True Yellow Light-Emitting Diodes as Phosphor for Tunable Color-Rendering Index Laser-Based White Light

Bilal Janjua, Tien Khee Ng, Chao Zhao, Aditya Prabaswara, Giuseppe Bernardo Consiglio, Davide Priante, Chao Shen, Rami T. Elafandy, Dalaver H. Anjum, Abdullah A. Alhamoud, Abdullah A. Alatawi, Yang Yang, Ahmed Y. Alyamani, Munir M. El-Desouki, Boon S. Ooi

Research output: Contribution to journalArticlepeer-review

20 Scopus citations

Abstract

An urgent challenge for the lighting research community is the lack of efficient optical devices emitting in between 500 and 600 nm, resulting in the “green-yellow gap”. In particular, true green (∼555 nm) and true yellow (∼590 nm), along with blue and red, constitute four technologically important colors. The III-nitride material system, being the most promising choice of platform to bridge this gap, still suffers from high dislocation density and poor crystal quality in realizing high-power, efficient devices. Particularly, the high polarization fields in the active region of such 2D quantum confined structures prevent efficient recombination of carriers. Here we demonstrate a true yellow nanowire (NW) light emitting diode (LED) with peak emission of 588 nm at 29.5 A/cm2 (75 mA in a 0.5 × 0.5 mm2 device) and a low turn-on voltage of ∼2.5 V, while having an internal quantum efficiency of 39%, and without “efficiency droop” up to an injection current density of 29.5 A/cm2. By mixing yellow light from a NW LED in reflective configuration with that of a red, green, and blue laser diode (LD), white light with a correlated color temperature of ∼6000 K and color-rendering index of 87.7 was achieved. The nitride-NW-based device offers a robust, long-term stability for realizing yellow light emitters for tunable color-rendering index solid-state lighting, on a scalable, low-cost, foundry-compatible titanium/silicon substrate, suitable for industry uptake.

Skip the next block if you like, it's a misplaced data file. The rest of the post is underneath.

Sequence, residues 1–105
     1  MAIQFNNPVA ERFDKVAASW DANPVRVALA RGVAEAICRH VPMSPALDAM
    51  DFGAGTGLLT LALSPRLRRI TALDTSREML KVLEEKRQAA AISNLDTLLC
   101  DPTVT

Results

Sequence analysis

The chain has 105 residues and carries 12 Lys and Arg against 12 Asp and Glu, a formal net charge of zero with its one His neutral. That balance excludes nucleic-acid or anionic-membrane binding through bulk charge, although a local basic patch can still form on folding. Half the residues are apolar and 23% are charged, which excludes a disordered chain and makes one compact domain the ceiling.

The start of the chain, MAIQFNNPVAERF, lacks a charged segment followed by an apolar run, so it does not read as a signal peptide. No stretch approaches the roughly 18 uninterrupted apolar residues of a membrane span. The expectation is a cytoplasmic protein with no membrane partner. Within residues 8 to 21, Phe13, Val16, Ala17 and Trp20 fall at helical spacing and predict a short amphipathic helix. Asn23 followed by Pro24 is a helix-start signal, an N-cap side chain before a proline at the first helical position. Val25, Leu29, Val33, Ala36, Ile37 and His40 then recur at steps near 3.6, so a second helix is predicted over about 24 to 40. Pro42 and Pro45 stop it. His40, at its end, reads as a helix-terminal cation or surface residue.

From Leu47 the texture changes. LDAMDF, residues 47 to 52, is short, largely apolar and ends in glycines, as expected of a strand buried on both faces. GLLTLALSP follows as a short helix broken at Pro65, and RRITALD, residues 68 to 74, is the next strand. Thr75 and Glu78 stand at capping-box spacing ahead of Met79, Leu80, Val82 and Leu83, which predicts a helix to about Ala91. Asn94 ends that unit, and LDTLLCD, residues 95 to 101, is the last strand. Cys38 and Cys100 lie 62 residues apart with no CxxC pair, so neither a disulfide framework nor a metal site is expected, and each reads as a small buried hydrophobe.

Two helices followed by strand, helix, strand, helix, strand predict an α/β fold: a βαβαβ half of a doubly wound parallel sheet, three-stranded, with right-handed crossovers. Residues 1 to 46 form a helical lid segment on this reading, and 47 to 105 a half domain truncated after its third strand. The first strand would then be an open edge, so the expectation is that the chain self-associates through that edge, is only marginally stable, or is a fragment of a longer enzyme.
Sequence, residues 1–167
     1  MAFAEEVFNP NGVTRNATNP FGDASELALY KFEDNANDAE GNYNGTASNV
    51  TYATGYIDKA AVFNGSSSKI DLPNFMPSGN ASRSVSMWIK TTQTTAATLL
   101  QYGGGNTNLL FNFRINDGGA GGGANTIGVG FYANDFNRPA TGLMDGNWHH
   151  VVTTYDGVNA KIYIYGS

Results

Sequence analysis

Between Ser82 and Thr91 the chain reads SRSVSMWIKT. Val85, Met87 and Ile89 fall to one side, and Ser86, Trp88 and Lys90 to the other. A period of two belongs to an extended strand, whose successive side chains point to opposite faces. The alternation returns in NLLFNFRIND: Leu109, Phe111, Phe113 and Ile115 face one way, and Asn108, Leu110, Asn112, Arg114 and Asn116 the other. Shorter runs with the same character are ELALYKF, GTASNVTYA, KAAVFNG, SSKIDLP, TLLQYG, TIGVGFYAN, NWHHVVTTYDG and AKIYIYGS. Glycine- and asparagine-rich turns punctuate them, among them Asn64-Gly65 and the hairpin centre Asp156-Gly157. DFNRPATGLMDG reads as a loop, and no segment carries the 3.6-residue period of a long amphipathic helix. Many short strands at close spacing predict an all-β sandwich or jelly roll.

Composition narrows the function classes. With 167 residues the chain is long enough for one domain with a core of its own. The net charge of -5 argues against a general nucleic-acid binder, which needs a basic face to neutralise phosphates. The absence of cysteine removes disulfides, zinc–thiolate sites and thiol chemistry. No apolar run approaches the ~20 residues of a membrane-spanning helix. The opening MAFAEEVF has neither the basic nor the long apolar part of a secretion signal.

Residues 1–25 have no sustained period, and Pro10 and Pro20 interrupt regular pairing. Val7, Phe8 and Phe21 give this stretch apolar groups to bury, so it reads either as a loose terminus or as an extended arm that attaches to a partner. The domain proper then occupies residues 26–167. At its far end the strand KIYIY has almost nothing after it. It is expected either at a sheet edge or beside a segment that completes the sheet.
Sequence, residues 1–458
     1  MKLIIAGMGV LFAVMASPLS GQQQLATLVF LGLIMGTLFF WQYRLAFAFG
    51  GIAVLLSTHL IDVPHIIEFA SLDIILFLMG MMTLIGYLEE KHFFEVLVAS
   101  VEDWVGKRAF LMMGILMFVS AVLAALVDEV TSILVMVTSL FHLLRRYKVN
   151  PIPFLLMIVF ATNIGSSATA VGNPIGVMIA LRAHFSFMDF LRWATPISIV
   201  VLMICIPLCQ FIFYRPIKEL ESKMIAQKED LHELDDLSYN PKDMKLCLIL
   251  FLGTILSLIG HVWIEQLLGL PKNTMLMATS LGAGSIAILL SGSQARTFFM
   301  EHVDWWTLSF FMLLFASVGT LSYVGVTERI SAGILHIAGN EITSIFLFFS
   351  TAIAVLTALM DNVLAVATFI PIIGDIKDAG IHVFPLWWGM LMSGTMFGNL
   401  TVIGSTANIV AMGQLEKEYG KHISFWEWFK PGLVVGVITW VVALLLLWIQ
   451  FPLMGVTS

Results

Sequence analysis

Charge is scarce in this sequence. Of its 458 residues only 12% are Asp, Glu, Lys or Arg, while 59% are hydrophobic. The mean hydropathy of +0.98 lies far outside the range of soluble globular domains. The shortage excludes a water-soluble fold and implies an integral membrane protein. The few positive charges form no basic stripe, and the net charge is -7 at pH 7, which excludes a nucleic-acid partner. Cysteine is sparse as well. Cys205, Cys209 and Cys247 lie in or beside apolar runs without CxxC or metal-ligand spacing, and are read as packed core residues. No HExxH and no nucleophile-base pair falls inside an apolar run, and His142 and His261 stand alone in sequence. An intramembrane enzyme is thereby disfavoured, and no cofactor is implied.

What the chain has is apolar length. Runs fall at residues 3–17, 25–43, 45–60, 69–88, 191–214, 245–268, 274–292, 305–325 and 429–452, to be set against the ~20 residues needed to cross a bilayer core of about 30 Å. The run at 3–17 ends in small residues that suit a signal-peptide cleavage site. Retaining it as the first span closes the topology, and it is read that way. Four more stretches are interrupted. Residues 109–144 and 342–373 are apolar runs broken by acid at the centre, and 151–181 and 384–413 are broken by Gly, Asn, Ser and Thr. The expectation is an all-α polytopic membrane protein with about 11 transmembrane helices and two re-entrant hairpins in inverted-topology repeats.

Original languageEnglish (US)
Pages (from-to)2089-2095
Number of pages7
JournalACS Photonics
Volume3
Issue number11
DOIs
StatePublished - Oct 25 2016

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